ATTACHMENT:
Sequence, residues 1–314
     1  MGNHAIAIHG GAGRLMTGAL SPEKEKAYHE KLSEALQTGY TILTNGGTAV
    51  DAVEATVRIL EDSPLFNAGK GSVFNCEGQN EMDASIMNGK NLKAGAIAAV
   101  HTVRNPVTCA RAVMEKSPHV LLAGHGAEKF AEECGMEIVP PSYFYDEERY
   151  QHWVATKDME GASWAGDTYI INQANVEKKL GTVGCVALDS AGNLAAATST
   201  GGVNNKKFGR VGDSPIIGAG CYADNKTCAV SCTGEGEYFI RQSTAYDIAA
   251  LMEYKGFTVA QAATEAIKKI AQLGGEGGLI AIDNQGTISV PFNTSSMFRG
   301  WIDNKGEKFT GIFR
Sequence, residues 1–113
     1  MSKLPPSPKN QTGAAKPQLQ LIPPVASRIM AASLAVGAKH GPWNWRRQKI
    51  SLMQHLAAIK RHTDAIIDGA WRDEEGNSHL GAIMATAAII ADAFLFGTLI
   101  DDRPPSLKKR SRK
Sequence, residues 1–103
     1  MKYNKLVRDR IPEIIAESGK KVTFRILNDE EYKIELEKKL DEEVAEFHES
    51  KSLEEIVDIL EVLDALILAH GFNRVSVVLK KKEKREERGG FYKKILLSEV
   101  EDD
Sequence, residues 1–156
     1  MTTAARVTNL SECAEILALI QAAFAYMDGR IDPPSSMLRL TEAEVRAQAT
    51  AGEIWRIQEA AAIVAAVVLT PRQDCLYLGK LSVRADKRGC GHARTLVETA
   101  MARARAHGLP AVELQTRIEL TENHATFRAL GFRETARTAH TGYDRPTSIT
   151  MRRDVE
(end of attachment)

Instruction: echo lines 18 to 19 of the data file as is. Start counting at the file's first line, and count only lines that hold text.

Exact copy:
     1  MTTAARVTNL SECAEILALI QAAFAYMDGR IDPPSSMLRL TEAEVRAQAT
    51  AGEIWRIQEA AAIVAAVVLT PRQDCLYLGK LSVRADKRGC GHARTLVETA